Lessons Learned from Moving to Virtual/Hybrid EOCs in the COVID-19 Response

July 20, 2022

An Emergency Operations Center (EOC) is the strategic-response nucleus activated during significant events (e.g., natural disasters, terrorist attacks, or infectious disease outbreaks). During the COVID-19 pandemic, EOCs played a vital role where health department leaders implemented and coordinated response objectives, plans, and activities. While few state and territorial health agencies (S/THAs) included virtual emergency operations centers (VEOCs) in their response plans prior to the pandemic, many jurisdictions were able to fully pivot to VEOCs in a matter of months. Two years later, many EOCs across the nation remain operational in a virtual environment for the safety of public health staff.

Because of the compressed timeline and since many jurisdictions had not written VEOCs into their response plans, many S/THAs initially identified a number of needs and challenges specific to their new virtual environments. However, jurisdictions also found solutions to address these gaps through software and cloud- or internet-based platforms. They have built effective daily management processes incorporating new tools and learned to manage a large, complex response without the need for close physical proximity.

ASTHO’s Directors of Public Health Preparedness (DPHP) Network reported a range of challenges that the DPHPs, as response leads, have learned to address, including inconsistent connectivity, greater need for remote capabilities, and improved software to facilitate operations management and reporting.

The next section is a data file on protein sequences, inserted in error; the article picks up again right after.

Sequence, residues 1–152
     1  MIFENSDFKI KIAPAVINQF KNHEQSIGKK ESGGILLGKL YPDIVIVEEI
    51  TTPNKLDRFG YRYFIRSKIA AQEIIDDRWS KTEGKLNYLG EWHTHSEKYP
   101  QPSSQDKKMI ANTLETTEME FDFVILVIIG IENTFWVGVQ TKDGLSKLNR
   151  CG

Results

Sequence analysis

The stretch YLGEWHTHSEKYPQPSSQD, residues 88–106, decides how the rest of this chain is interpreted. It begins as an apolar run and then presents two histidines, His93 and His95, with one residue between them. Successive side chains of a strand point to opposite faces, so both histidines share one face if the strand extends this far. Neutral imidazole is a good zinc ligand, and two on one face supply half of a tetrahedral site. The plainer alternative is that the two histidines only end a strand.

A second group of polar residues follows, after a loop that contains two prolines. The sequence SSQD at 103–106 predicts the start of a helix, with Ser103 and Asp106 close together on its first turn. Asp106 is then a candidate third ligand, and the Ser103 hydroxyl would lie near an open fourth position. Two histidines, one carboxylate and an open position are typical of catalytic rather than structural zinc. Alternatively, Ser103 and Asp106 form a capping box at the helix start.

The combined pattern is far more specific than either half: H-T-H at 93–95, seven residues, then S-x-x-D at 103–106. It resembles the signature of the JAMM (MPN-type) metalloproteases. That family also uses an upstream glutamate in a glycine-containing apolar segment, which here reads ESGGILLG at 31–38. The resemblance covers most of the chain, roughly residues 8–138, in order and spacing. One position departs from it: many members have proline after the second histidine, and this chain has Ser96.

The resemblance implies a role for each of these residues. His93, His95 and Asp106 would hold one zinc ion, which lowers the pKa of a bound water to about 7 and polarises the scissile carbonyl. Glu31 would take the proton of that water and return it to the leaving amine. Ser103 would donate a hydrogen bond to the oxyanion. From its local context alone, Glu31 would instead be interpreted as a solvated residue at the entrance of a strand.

Enabling Remote/Hybrid Workspaces

To stand up virtual or hybrid EOCs, public health agencies first needed to enable remote work for their staff. The Texas Department of State Health Services (DSHS) and Mississippi Department of Health (MSDH) turned to web-based video conference platforms that gained global uptake in 2020. These platforms and email management were critical for managing the response while staying virtual. Other changes included replacing outdated Wi-Fi routers and implementing mobile device management software to strengthen staff connectivity and enable work-from-home environments. Both Texas and Mississippi reported increased efficiency after updating operation protocols to account for new technologies, and that they are likely to continue to work differently even after the pandemic response ramps down.

Upgrading IT Infrastructure and Creating New Key Positions

Many S/THAs also addressed gaps in their organization’s IT infrastructure that they identified while standing up their VEOCs. For example, MSDH upgraded their servers to create a redundant failover location and is planning to replace antiquated phone systems across most of the state’s health department locations.

"Technology is moving forward at all times so ensuring we have mature plans for updates, replacement, and procurements including budgeting will be key."

– Jim Craig, MPH, Senior Deputy and Director Health Protection, MSDH